Comparison of Jason-2/OSTM, SARAL, and ICESat-1 instrument performance with relevance to research/operational programs focussed on continental waters.

Charon Birkett (University of Maryland, United States)

CoAuthors

Bjerklie David (USGS, USA); Carabajal Claudia (SGT at NASA/GSFC, USA); Brian Beckley (SGT at NASA/GSFC, USA); Yang Xu (Hunter) (SGT at NASA/GSFC, USA); Reynolds Curt (USDA/FAS/OGA, USA)

Event: 2014 Ocean Surface Topography Science Team Meeting

Session: Science Results from Satellite Altimetry: Inland waters (multi-mission and long-term monitoring)

Presentation type: Type Poster

Standard radar altimetry is applying itself to a number of research and operational-based programs that focus on lakes, reservoirs, river channels and wetland zones. With several decades of surface water level estimates, seasonal and inter-annual variations are being exploited for agriculture and climate analysis. The changes in water heights detected by radar are also used directly as an indicator of hydrologic flux, and are used as input to various algorithms that provide secondary data products including river flow and changes in water storage. Enhanced radar altimetry and laser altimetry (such as SARAL, Cryosat-2, ICESat-1) offers improvements in spatial resolution and accuracy, and multiple data sets allow for cross-validations. Here, we re-examine the performance of the Jason-3 and GLAS altimeters, and compare it to the performance of the AltiKa altimeter with relevance to on-going research and operational programs. Focus is on target acquisition times and elevation accuracy, and the merits of combining data sets. Regions of study include the Yukon River, the Usangu wetlands, and various small lakes, reservoirs and irrigation enclosures around the globe. Applications are both national and international with basin hydrology, conservation of ecosystems, and water resources interests and objectives.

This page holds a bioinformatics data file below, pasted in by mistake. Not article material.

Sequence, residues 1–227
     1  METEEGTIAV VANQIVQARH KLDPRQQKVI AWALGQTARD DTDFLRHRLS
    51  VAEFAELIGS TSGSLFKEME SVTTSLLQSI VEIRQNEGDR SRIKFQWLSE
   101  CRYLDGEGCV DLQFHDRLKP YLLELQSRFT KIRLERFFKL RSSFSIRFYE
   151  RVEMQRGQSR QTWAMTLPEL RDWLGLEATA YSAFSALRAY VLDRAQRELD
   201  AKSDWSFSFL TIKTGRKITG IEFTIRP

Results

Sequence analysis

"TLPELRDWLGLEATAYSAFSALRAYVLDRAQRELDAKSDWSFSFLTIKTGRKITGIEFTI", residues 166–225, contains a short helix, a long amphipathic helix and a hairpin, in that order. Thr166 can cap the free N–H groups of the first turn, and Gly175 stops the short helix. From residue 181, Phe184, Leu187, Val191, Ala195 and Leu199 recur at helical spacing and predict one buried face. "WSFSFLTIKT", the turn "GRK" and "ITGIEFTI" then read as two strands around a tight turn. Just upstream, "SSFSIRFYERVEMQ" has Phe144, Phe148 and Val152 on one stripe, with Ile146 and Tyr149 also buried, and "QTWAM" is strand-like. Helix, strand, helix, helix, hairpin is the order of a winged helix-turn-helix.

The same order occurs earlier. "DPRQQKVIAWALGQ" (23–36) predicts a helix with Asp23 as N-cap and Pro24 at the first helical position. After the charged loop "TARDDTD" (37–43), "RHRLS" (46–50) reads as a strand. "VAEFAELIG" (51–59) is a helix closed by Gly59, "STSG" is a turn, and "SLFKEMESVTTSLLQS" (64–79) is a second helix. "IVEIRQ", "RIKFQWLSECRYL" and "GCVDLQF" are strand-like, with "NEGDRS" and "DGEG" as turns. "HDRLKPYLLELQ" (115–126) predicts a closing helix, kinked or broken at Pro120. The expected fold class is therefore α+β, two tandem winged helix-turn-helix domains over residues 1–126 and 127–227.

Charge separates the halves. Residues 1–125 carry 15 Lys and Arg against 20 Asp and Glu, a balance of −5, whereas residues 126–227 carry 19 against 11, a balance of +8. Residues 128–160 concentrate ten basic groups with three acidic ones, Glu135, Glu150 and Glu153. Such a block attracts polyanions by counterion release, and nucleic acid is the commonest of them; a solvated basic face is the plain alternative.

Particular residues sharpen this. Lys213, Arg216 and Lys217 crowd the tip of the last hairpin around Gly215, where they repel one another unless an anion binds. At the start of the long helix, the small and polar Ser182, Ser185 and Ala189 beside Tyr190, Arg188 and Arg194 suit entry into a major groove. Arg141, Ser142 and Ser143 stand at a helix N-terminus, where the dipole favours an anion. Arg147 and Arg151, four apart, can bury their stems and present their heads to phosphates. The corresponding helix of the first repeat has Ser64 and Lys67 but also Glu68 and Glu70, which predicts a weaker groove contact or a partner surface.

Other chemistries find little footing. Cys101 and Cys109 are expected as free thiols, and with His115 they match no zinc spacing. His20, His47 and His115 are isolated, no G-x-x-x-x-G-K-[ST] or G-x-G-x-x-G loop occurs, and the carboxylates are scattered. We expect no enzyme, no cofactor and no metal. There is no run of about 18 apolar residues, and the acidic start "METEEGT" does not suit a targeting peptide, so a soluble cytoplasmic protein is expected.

Charon Birkett
University of Maryland
United States
cmb@essic.umd.edu